Or perhaps trying to grab that insect out of the air while anchored to the branches, possibly up-side-down.

I think bats could have started out like a colugo, and gradually extended all or some of their fingers to improve their flight control, and eventually settled on keeping only the thumb for climbing and using the rest for flying, especially after they learned how to catch prey on the wing.

I think that extensive wing aft would make flapping unproductive. One distinctive difference is that gliding seems to be limited to escape behavior - getting away from predators on one tree by gliding to another.

Flight, on the other hand, could be an adaptation for predatory behavior.

Enjoy,


we are limited in our ability to understand
by our ability to understand
Rebel American Zen Deist
... to learn ... to think ... to live ... to laugh ...
to share.


• • • Join the effort to solve medical problems, AIDS/HIV, Cancer and more with Team EvC! (click) • • •

This message is a reply to:
 Message 3 by Blue Jay, posted 10-04-2008 10:50 AM Blue Jay has not yet responded

  
RAZD
Member
Posts: 19756
From: the other end of the sidewalk
Joined: 03-14-2004
Member Rating: 5.5


Message 5 of 9 (486914)
10-25-2008 2:18 PM


Onychonycteria flight
This is from the Nature article:

Abstract: Primitive Early Eocene bat from Wyoming and the evolution of flight and echolocation
Nature 451, 818-821 (14 February 2008)
doi:10.1038/nature06549;

quote:
Phylogenetically informed comparisons of the new taxon with other bats and non-flying mammals reveal that critical morphological and functional changes evolved incrementally. Forelimb anatomy indicates that the new bat was capable of powered flight like other Eocene bats, but ear morphology suggests that it lacked their echolocation abilities, supporting a 'flight first' hypothesis for chiropteran evolution. The shape of the wings suggests that an undulating gliding–fluttering flight style may be primitive for bats, and the presence of a long calcar indicates that a broad tail membrane evolved early in Chiroptera, probably functioning as an additional airfoil rather than as a prey-capture device. Limb proportions and retention of claws on all digits indicate that the new bat may have been an agile climber that employed quadrupedal locomotion and under-branch hanging behaviour.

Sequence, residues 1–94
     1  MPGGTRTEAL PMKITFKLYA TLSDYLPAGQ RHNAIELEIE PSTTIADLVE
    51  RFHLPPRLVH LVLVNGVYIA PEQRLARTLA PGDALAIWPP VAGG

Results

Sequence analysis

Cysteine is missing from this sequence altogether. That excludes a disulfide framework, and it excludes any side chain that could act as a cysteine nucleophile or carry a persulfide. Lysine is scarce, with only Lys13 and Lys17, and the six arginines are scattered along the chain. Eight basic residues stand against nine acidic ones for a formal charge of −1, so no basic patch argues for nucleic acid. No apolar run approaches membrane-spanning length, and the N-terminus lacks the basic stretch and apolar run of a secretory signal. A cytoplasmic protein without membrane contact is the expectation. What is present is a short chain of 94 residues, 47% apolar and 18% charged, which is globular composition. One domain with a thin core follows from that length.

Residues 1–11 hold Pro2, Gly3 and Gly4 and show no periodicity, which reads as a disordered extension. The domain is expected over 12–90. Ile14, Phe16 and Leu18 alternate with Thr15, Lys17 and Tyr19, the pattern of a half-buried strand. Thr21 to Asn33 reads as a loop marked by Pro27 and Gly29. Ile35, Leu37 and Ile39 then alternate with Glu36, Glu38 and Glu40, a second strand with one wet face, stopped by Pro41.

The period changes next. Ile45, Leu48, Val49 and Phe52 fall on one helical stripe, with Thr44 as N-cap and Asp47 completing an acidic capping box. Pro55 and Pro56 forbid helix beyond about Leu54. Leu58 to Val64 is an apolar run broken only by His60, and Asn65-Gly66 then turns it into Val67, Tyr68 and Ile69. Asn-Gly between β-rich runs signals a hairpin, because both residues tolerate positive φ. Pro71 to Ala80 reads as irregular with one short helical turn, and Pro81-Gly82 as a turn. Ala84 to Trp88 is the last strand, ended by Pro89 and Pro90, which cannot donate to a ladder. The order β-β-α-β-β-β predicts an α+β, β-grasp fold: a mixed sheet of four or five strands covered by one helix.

bold color for emPHAsis.

So we have a bat ancestor that is capable of quadrapedal locomotion as well as tree climbing ability, and the flight pattern is not fully developed.

Here is a picture from the actual article:

Notice that the fossil is intermediate in characteristics between non-flying mammals (in general) and bats (in general), ie it is transitional by Darwin's definition.

Curiously genetics is now showing bats are not necessarily descended from Nyctitheriidae